After handing Scotland a drubbing, Afghanistan finished second best against Pakistan, but put up a good fight. In a lot of firsts, Namibia, who made it to the T20 World Cup for the very first time, have not just made it to the Super 12s for the first time, but have also registered their first win at this stage in their very first attempt. They are now on a three-match winning streak but will have their biggest test of the tournament when they play Afghanistan in Abu Dhabi on Sunday (October 31).
In the two matches Afghanistan have played so far, their dependence on their spin duo of Mujeeb Ur Rahman and Rashid Khan has been brought to the fore.
Out of the 15 wickets picked up by the Afghanistan bowlers this series, 12 have been picked up between Rashid and Mujeeb alone, while the rest of the bowing attack have been below par to say the least. In both the matches, Afghanistan have used just the five bowlers. Perhaps a couple of overs from Gulbadin Naib would certainly not hurt. They missed their sixth bowler against Pakistan and will want to rectify that going into this match.
There is a bit of concern regarding’s Mujeeb’s fitness as he limped off after his four-over spell against Pakistan, accompanied by the physio. It would be a huge blow for Afghanistan, and a lucky break for Namibia, if he doesn’t take field on Sunday.
If Mujeeb were to miss out, Afghanistan do not have any ore spinners left on the bench. They will have to get in an extra batsman or an extra pacer.
A case for Fareed Ahmad
There’s little doubt that the left-arm seamers have been the x-factors in this edition of the World Cup. Shaheen Afridi proved it and so has Namibia’s Ruben Trumpelmann. In Abu Dhabi, more than 26% of the wickets have fallen to left-arm pacers, which is the second-best bowling type after tight-arm pacers (40.90%).
Moreover, the left-arm fast bowlers have a better balls per wicket ratio (15.6) and runs per wicket ratio (18) compared to the right-arm quicks for whom the corresponding numbers are 17.3 and 18.3 respectively.
Other than Trumpelmann, Namibia have Jan Frylinck and JJ Smit who bowl left-arm seam and could very well be a threat here. Afghanistan too should do their bit to negate the threat. Getting Fareed in could be one such move.
Batting a concern for Namibia?
Among the active teams in the T20 World Cup, only West Indies have a lower run-rate (6.3) than Namibia (6.6). Especially when a team is asked to set a total, Namibia’s slow and cautious approach might backfire. Their top-order (1-3) too have been below par in the tournament, scoring at just 5.2 an over, which has led to them not scoring more than 30-31 on an average in the first six overs.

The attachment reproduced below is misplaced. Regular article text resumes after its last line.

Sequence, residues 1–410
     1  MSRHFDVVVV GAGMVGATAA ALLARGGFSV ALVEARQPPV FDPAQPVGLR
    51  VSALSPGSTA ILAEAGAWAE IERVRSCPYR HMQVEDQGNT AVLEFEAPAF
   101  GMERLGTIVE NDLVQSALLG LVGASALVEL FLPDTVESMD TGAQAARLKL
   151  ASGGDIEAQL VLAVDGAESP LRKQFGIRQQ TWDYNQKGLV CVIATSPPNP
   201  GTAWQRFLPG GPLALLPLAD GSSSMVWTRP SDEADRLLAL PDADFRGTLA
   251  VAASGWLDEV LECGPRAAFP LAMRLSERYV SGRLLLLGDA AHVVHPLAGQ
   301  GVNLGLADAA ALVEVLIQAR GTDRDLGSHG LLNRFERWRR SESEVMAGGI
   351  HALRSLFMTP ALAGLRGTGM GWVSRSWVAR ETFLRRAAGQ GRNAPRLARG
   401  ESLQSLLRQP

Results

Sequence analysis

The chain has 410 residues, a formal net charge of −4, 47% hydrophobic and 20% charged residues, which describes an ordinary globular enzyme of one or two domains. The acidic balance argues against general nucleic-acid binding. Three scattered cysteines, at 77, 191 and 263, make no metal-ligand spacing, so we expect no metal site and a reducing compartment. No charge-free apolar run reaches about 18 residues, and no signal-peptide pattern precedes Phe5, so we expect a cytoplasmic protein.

Afghanistan will prove to be a tougher test for them given Mujeeb’s prowess in the powerplay. They will have to figure out a way to negotiate him and put up a decent powerplay score, which will set the tone for the rest of the innings.
Afghanistan, on the other hand, played fearless cricket against Pakistan with them not getting bogged down despite wickets tumbling. Their approach has therefore taken them to the top when it comes to the batting run-rate and are likely to go in with the same approach in this game too.
What’s at stake for both sides?
Afghanistan could be among the dark horses who can make it to the semi-final, but for Namibia, it is a chance to prove that they can emerge victorious against a top side. They have already brushed aside Test-playing Ireland in the first round, but if they were to beat Afghanistan it would be a bigger fish.
Afghanistan may have beaten Scotland convincingly, Namibia is the only ‘easy’ match for them as they will take on New Zealand and India after this. A win over Namibia could see them needing just one win out of two to see them through, given that they have a significantly high net run-rate.
For the Eagles, they could perhaps consider solidifying their batting line-up with Stephan Baard coming into the side in place of Jan Nicol Loftie Eaton. They have already had three opening combinations in four matches and it is high time they settle down as far as their top-order is concerned.
Likely XI: Craig Williams, Zane Green (wk), Gerhard Erasmus (c), David Wiese, Michael van Lingen, JJ Smit, Jan Frylinck, Pikky Ya France, Stephan Baard/Jan Nicol Loftie-Eaton, Ruben Trumpelmann, Bernard Scholtz
Afghanistan perhaps look the best they have looked in any world event. Their aim will be to brush aside Namibia just as easily as Mohammad Nabi brushed aside the question relating to unrest back home, following the Pakistan defeat. Barring their sixth bowling conundrum, Afghanistan do not have much to address against Namibia.
Likely XI: Hazratullah Zazai, Mohammad Shahzad (wk), Rahmanullah Gurbaz, Najibullah Zadran, Mohammad Nabi (c), Asghar Afghan, Gulbadin Naib, Rashid Khan, Karim Janat/Fareed Ahmad, Naveen-ul-Haq, Mujeeb Ur Rahman